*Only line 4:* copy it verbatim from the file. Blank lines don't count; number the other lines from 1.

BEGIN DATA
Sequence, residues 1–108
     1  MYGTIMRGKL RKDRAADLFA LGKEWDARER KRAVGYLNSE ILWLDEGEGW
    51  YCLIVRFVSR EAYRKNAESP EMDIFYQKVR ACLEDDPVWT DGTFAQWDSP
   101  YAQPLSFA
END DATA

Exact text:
   101  YAQPLSFA